Glad to talk this over with anybody  seeking  further information.

Sacramento Tax Preparer On: Tax Extensions, Demystified

Sacramento Tax Preparer On: Tax Extensions, Demystified

It’s the final full week of tax season, and our Sacramento tax preparation office is hopping!

I’m still taking the time to step away for a moment and write to you, my friend (if you have all your papers in, and are waiting for our completion — fear not! My team is hard at work, as I type …).

This is often our busiest week of the year for Team David MacMillan (so please be understanding), but it’s also the week when we receive, with clockwork regularity, many questions about extensions.

But before I get there, a couple quick reminders about what ELSE the 15th means…
1) Tuesday, April 15 is the deadline to contribute to IRA’s, etc. in order to have them count on this year’s (2013) taxes.

2) It is also the deadline to claim the almost $800 million in unclaimed refunds for returns dating back to 2010. If you, for some reason, didn’t file for that year, you could be missing out. Call us for this special circumstance: (916) 438-6964
(Or for any other question — but again, bear with us, as we are extremely busy!)

And one last thingif you have filed your taxes with us already, and you had a good experience, would you…

A) Email me about it?

B) Share us on your Facebook wall…?
 Join us on Facebook: https://www.facebook.com/pages/Quasar-3-Accounting-and-Tax/576626522426035

Here’s something you can say:

I had my taxes prepared by David MacMillan’s team, and had a great experience. They also just told me that they are willing to help procrastinators! So, if that’s you, give them a call at: (916) 438-6964 and let them know I told you to call. Or you could do it tomorrow, of course 🙂

Or some such… thanks again!

Sacramento Tax Preparer On: Tax Extensions, Demystified
“Only undertake what you can do in an excellent fashion. There are no prizes for average performance.” – Brian Tracy

There is a lot of confusion in the Sacramento tax preparation orbit, every year, about extensions — so here’s what they’re REALLY about…

As you know, Tuesday, April 15th is the filing deadline for a federal tax return. If you need more time to get your paperwork complete, you need to file (or have us file on your behalf) Form 4868 (Automatic Extension of Time to File — http://www.irs.gov/pub/irs-pdf/f4868.pdf ) with the IRS by the end of the day on the 15th. This gives you an automatic six-month (until October 15, 2014) extension of time to file.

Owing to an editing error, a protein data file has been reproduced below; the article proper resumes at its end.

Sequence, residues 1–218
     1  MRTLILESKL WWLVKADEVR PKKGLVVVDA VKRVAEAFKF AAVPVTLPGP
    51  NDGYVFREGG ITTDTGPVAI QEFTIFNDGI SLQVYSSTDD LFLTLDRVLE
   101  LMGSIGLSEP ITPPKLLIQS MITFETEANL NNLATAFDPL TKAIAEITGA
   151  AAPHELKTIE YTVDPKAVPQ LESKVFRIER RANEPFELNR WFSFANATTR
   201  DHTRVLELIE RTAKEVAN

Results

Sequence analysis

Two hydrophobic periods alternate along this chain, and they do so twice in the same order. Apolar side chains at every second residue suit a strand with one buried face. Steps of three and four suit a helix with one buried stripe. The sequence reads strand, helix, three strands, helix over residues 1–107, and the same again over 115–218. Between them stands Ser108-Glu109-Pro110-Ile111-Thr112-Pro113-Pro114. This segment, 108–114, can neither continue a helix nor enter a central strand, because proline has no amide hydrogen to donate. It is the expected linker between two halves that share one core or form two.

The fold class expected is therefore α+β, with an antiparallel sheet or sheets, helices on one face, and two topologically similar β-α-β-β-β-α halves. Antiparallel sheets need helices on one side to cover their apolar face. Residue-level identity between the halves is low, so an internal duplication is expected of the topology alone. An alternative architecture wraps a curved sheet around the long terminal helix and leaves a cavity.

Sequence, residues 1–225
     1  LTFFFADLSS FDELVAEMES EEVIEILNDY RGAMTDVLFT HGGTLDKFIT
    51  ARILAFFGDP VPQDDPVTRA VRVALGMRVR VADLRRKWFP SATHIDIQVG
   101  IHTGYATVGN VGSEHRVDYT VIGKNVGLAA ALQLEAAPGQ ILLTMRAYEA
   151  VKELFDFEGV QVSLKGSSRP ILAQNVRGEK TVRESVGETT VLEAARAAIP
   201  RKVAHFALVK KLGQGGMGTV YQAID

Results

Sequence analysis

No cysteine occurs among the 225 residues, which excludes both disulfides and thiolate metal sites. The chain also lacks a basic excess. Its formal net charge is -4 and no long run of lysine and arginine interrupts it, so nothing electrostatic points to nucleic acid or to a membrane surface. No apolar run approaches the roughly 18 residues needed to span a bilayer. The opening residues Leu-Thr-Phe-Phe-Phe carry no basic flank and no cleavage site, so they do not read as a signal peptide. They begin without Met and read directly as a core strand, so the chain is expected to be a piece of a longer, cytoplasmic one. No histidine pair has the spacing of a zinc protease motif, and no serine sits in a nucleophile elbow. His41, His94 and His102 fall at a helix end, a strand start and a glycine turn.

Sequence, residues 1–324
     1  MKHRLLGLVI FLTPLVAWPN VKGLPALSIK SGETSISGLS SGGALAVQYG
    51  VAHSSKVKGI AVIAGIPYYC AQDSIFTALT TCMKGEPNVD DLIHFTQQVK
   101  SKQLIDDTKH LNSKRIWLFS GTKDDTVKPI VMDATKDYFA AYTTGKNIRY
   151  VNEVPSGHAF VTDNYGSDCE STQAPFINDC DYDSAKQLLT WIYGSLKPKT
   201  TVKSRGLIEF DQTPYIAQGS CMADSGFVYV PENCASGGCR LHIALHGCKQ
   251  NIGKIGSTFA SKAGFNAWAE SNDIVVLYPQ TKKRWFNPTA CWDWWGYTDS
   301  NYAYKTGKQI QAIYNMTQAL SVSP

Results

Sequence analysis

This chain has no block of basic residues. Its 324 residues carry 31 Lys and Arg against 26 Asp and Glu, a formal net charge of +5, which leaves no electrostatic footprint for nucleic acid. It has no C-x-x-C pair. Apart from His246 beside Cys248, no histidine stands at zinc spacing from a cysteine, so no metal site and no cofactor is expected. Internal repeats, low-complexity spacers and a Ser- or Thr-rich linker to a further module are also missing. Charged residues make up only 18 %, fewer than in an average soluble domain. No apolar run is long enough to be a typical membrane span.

Here’s the deal: An “Extension of Time to File” is not an “Extension of Time to Pay”, unfortunately — except for certain cases (more on these in a moment). In normal circumstances, the Extension simply gives you an automatic six months of additional time to get your paperwork together and file that return. But, if you owe more than what you paid with your estimate, you’ll be accumulating penalties and interest on the difference–so PLEASE don’t take the entire six months to do this!

The exception to this rule is for:
1) Those affected by the Washington state flooding
2) Wage earners who have been unemployed at least thirty consecutive days during 2013 or in 2014 up to this year’s April 15 tax deadline; or
3) Self-employed individuals who experienced a 25 percent or greater reduction in business income in 2013 due to the economy.

So, if that’s you — let us know! We’ll get you payment relief.

For the rest of you, when filing your “Extension of Time to File”, you’ll need to estimate what you think you owe to the IRS. This should not be pulling numbers out of thin air (or various body parts)! You’ll still need to go through your receipts and tax documents and get them “somewhat” organized.